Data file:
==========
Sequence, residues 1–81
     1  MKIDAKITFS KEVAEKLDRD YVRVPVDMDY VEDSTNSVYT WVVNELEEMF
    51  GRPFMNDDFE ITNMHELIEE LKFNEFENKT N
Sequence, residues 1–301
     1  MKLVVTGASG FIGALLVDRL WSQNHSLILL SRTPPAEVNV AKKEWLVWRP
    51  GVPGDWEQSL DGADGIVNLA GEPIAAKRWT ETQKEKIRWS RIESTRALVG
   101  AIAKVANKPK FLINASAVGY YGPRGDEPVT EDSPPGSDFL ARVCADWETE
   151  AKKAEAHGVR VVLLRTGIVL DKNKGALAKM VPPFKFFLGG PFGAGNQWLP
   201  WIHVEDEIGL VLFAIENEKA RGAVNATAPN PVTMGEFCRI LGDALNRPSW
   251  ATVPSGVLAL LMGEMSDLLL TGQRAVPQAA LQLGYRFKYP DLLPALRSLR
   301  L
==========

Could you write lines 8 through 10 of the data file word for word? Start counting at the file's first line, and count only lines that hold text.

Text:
   151  AKKAEAHGVR VVLLRTGIVL DKNKGALAKM VPPFKFFLGG PFGAGNQWLP
   201  WIHVEDEIGL VLFAIENEKA RGAVNATAPN PVTMGEFCRI LGDALNRPSW
   251  ATVPSGVLAL LMGEMSDLLL TGQRAVPQAA LQLGYRFKYP DLLPALRSLR